Finally it is official: Fiat is back in China! The Italian car maker has just inked a contract with Guangzhou Auto for local passenger car and engine production in Hunan province. I think this is great news as I always thought that Fiat should fully exploit the growth potential of the Chinese car market in order to secure its own survival. Don’t forget that its passenger car branch was at the verge of bankruptcy until not long ago, and the firm’s previous engagement in the mainland with Nanjing Auto did not really go well, as it ended with Fiat’s departure from China 2 years ago.
The Italian car maker has visibly recovered in the meantime, even struck a deal to acquire Chrysler, and the China venture is perfectly fitting into Fiat’s ambition to become a strong global player. But it is really high time to have set the course now. Local production of Fiat models will only start in 2011, and this means that Fiat will have missed out four decisive years in the China car market’s development – important years to raise awareness among a broader and above all younger target audience, and crucial to build brands and customer relationships. In other words, Fiat has to make up “lost terrain” and step up its marketing efforts.
A first challenge lies in the collaboration with Guangzhou Auto itself, in that two pretty ambitious vehicle manufacturers come together. Guangzhou Auto has already been running partnerships with Honda and Toyota, and has begun activities to build its own brand. It has recently bought a stake in Changfeng Motors which underlines Guangzhou Auto’s determination to swiftly develop as an independent car manufacturer. One should remember that Nanjing Auto’s focus on own brand building (in the wake of the Rover/MG acquisition) at the alleged expense of the JV operations was one of the “divorce” reasons brought forward by Fiat a couple of years ago. It will be interesting to see how the cooperation will be handled this time – more successful, hopefully.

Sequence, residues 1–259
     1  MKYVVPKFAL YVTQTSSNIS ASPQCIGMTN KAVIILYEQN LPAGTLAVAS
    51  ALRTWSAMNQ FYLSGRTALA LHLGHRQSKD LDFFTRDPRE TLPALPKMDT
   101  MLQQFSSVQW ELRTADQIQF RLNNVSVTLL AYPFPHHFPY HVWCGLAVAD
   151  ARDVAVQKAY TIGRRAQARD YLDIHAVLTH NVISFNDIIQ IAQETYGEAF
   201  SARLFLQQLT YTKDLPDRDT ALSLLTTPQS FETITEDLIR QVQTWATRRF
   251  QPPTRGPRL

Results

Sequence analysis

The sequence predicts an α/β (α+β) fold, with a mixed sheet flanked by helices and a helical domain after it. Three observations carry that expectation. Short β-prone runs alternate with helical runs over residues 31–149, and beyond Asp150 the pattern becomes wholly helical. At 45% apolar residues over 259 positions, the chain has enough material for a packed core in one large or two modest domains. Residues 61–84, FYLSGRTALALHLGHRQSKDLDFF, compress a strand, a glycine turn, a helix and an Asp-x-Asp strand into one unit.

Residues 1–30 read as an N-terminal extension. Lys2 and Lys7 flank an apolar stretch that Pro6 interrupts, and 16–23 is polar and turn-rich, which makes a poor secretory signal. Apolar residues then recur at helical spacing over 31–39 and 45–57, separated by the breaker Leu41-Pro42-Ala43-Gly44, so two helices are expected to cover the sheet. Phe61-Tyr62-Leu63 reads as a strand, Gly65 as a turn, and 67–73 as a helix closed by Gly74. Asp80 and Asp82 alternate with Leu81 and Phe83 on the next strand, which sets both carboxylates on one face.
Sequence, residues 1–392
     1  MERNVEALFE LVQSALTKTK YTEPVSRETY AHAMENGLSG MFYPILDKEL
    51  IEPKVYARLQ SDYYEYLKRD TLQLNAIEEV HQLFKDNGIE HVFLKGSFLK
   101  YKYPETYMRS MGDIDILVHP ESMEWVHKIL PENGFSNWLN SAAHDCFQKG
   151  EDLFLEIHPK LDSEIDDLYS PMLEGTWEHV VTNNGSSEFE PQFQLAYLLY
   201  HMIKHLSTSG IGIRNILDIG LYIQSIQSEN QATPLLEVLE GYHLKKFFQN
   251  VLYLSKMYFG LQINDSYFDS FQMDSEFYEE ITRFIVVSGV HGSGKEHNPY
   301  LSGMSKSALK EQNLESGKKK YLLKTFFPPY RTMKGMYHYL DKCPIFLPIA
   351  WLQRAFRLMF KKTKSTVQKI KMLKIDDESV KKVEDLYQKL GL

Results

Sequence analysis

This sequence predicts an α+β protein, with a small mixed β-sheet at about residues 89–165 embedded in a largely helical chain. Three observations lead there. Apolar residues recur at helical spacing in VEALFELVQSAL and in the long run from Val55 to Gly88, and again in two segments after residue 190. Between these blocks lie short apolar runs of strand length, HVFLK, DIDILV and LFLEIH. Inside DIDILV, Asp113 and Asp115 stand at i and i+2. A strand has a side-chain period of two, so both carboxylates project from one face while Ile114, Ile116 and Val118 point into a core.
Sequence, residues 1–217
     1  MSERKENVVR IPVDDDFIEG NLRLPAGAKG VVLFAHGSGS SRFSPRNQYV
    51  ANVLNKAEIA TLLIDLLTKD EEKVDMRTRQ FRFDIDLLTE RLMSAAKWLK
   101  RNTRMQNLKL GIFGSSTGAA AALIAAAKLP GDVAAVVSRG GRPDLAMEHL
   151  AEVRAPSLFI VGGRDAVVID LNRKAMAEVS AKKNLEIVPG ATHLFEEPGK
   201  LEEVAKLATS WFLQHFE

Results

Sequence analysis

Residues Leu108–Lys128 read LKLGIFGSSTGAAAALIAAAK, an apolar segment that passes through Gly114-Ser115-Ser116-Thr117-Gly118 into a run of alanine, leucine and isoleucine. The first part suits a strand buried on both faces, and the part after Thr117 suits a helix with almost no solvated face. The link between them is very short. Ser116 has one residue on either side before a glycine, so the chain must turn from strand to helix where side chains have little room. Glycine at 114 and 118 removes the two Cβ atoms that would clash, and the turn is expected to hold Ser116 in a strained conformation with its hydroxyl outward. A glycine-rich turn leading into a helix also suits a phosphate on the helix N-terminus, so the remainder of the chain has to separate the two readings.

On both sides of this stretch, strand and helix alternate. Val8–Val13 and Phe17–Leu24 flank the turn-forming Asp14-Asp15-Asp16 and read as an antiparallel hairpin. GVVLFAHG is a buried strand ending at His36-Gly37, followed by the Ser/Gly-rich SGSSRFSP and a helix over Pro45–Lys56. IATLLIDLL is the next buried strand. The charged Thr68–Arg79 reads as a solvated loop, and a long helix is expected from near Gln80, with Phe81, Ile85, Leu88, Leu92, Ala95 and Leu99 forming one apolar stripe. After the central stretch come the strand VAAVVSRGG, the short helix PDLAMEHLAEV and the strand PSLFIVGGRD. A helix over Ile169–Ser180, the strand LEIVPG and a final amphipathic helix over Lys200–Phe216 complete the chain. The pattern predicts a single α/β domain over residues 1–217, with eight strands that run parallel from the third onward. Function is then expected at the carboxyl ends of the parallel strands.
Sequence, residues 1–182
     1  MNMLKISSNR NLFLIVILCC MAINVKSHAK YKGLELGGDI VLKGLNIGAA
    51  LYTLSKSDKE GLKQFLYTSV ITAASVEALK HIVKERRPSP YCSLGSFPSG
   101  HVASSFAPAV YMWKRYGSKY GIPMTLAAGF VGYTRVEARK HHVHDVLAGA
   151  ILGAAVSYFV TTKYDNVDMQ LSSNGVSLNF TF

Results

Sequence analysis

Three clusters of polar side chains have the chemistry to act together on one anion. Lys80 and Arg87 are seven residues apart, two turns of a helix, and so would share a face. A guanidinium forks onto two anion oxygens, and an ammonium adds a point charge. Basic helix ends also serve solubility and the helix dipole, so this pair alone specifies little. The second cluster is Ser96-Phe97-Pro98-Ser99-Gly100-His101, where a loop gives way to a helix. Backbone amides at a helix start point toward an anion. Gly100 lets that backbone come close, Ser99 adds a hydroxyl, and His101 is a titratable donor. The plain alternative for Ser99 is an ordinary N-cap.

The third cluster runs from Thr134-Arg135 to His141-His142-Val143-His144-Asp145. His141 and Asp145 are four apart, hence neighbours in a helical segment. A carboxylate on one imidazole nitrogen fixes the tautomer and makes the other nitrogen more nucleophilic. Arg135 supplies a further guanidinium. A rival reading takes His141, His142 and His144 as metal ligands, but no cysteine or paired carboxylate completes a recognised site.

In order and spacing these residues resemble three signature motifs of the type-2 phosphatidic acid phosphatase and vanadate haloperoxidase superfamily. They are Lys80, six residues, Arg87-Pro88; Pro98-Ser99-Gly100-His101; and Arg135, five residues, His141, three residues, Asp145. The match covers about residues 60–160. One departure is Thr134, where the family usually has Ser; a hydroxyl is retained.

No less a challenge will be the choice of the new model line-up. As we understand, the ‘Linea’ will be the first model produced in the mainland. Unlike before, when Fiat banked on small vehicles such as Palio and Perla (in a market driven by medium-sized vehicles), the company opts now for a mid-sized family sedan, co-developed by its Brazilian and Turkish operations. The car maker counts on its experience in emerging markets which is supposed to be an advantage as long as Fiat’s managers remain aware that the nature of the various emerging markets is quite different, and successful operations in Brazil, India or Turkey do not automatically mean success in China. Exterior appearances and interior configurations have to be adapted to ensure optimal attractiveness to Chinese car buyers. In this context, it is recommended to quickly complement the product range with compact and medium sized 2-box models (Grande Punto respectively Bravo) to respond to the needs of the new, young consumer group who looks for trendy and fashionable but still affordable vehicles. Here, Fiat can be at its most impressive with its capability of styling good looking cars.
Going forward in China, Fiat does also have to make a decision about how to address the “new energy” issue. The year 2010 is supposed to open the period of time when most car makers – JV manufacturers as well as Chinese domestic brands – will launch their alternative energy vehicles on the Chinese market. At the same time, we can expect favourable measures by the government to facilitate the penetration of “green” cars. Then, being fuel efficient will probably be no longer sufficient by itself in order to ensure success in the long term. We didn’t hear too much about alternative powertrain activities neither from Fiat nor from Guangzhou Auto, though, and it would be a pity if Fiat would soon after its return to China fall behind its competitors again.
My wishful thinking therefore is that Fiat is, with its new mindset of global ambitions, in a stronger position than ever to face the challenges in China, manage its partnership with Guangzhou Auto most efficiently, and accelerate its marketing activities. Because then, despite a short absence from the most important market in the world, Fiat won’t miss a thing!
See the Chinese version .
About the authour: Klaus Paur, Gasgoo's columnist, is Regional Director Automotive for North Asia at TNS China who has over 20 years of experience in marketing and market research, 13 of which have been spent specialising in the automotive industry.
Gasgoo not only offers timely news and profound insight about China auto industry, but also help with business connection and expansion for suppliers and purchasers via multiple channels and methods.
All Rights Reserved. Do not reproduce, copy and use the editorial content without permission. Contact us: khoahocxaydung.info.